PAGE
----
How to Breed Locusts

How to Breed Locusts

How to Breed Locusts, photo by James

Variety is key in feeding your reptiles, frogs, and other small animals, so why not try some locusts? If you have bought locusts before, you should know they are quite pricey to buy weekly. Learning how to breed locusts will save you hundreds of dollars a year if you have the time for it. This easy method will show you how you can set up a locust breeding colony with just a few supplies, locusts, and days.

Supplies Needed

  1. 24″x16″x18″ Vivarium/Glass tank
  2. 60 Watt bulb
  3. Egg cartons
  4. Laying trays (I used the plastic boxes which live food come in from the pet store)

Locusts Care

Locusts should be kept in an enclosure with very little humidity. If you can provide a screen top for the enclosure, it will help ventilate the area well to keep the humidity down. You should also keep the temperatures between 84 – 89 °F throughout the enclosure. Some people say they like it really hot and have bred and kept locusts in temperatures in the 90″s °F, but a safe temperature in my opinion ranges from the mid 80’s to the high 80’s. For hides, egg crates will do just fine.

Diet

A good diet is key in raising healthy locusts. Remember, the food that your locusts eat will be the food that your pets eat, so you want to make sure you choose a locust diet that is high in protein. You should also feed healthy vegetables to hydrate your locusts. Some people use water bowls for hydration, but it is known that water bowls tend to drown some locusts which is why it is not recommended to use them. Safe vegetables are collared greens, mustard greens, and turnip greens. 

Sexing Locusts – Male to Female

It is very hard to tell the gender of locusts until their color starts to change. The below picture illustrates a pre-adult locust which is about to reach sexual maturity. The color in pink. At this stage, they will not breed just yet.

Pre-Adult Pink Locust

Pre-Adult Pink Locust, photo by James

Male’s locust that have become sexually mature turn a very bright and vivid yellow like in the picture below.

Male Locust

Male Locust, photo by James

Finally, the female locust when sexually mature, turns into a brown/beige color. 

Female Locust

Female Locust, photo by James

Breeding Locusts

Locusts will breed on their own inside their enclosure, as long as you include some laying bins. Laying bins will be where your locusts will inject their eggs. To setup a laying bin, all you need is a plastic container and some sand/dirt. The laying bin should be about your hand size in length and 1/3 of your hand size in depth. The depth is important, because it needs to be deep enough for your locusts to inject eggs into it. Before your place the laying bin into the enclosure, make sure the sand/dirt is moistened with water and is placed into the container loosely. Do not pack the sand/dirt into the bin tightly. Make it somewhat loose so your locusts can inject the eggs into the substrate easily. You should also leave about an inch or two of space from the top of the bin to allow the locusts to emerge easily out of the substrate when they hatch.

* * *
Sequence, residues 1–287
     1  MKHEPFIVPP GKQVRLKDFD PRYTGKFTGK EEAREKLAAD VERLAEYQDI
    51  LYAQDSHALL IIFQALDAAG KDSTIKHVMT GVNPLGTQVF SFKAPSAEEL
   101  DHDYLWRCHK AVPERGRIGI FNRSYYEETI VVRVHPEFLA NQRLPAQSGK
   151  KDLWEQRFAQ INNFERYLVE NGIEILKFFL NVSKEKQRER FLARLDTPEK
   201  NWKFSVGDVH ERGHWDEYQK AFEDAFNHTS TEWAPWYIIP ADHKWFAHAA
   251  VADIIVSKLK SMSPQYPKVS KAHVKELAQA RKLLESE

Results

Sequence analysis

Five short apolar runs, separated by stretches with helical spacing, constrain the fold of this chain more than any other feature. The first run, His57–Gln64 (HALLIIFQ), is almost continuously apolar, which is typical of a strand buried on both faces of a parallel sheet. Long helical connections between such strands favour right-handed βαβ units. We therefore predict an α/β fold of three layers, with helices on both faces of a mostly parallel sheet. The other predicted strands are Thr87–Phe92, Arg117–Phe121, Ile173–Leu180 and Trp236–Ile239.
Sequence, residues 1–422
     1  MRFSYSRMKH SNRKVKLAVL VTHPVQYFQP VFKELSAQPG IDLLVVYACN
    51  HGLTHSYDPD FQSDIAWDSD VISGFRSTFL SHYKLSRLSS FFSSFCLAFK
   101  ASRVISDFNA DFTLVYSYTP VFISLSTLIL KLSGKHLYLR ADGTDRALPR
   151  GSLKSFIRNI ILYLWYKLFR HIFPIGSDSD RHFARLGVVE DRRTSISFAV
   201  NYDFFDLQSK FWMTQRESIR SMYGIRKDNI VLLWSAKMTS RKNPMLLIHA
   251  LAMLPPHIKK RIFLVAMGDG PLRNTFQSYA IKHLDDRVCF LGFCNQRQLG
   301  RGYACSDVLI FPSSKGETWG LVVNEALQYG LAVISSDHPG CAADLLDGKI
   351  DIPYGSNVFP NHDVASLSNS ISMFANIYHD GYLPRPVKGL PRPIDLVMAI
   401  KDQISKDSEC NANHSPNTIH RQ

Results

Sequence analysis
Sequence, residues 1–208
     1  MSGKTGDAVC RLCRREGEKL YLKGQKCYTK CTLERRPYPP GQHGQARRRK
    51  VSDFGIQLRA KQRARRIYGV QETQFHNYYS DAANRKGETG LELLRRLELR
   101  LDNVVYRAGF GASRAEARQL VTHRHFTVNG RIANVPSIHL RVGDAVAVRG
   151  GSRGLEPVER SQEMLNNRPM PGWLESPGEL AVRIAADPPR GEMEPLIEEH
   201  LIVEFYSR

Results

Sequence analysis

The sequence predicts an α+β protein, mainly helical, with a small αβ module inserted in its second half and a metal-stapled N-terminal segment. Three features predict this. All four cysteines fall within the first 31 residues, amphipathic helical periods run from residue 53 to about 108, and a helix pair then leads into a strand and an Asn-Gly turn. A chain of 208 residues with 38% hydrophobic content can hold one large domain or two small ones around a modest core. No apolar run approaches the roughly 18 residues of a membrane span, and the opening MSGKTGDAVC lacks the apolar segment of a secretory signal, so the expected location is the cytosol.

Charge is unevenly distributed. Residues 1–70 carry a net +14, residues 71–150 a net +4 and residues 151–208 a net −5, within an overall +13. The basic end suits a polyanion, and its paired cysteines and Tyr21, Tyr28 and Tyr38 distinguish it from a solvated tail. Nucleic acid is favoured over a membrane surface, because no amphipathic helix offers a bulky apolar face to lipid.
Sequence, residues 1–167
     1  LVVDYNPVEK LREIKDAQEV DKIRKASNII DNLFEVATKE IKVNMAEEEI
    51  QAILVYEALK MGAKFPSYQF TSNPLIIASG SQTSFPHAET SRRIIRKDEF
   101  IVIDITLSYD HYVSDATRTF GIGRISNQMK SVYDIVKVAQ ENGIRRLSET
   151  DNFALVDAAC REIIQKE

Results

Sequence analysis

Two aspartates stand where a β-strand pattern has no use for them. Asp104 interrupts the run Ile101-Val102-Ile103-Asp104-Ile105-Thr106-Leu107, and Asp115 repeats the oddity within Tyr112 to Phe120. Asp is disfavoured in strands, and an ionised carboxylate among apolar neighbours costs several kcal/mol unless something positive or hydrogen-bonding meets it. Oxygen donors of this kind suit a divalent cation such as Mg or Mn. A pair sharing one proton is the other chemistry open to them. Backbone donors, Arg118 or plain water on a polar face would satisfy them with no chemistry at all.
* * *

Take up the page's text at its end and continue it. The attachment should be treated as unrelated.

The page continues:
Once you place the containers into the enclosure, the locusts will take care of the rest. After about a day or two, you should see holes scattered across the bin. Each hole has an egg pod which can contain anywhere from 10 – 40 eggs. Each female can lay up to 3 pods ranging from every 5 or 10 – 15 days (during autumn). Each pod will have emerging locusts within 7 – 10 days from when the eggs were laid. So once you see eggs in the containers, get them out, place a lid on the container and put them somewhere warm (82 – 86 °F). Once you see locusts emerging from the holes, you can then place the container in a different enclosure and release the lid. They will all normally start to emerge within that day or two. It’s best to house the babies and adults separately.

Incubating Locust Eggs

As mentioned above, you should incubate the eggs in a closed bin somewhere warm. If you live somewhere cold, you can easily make an incubator yourself using a heat pad and an insulation box. Make sure the temperatures stay between 82 – 86 °F in the incubator. If you do not have any lids, you can easily use cling film for your containers. Failure to do so, will result in a BIG surprise when you open up your incubator. 

Locust Egg Incubation

Locust Egg Incubation, photo by James

If you have any other way of breeding locusts, please feel free to comment below and let us know how you do it differently.

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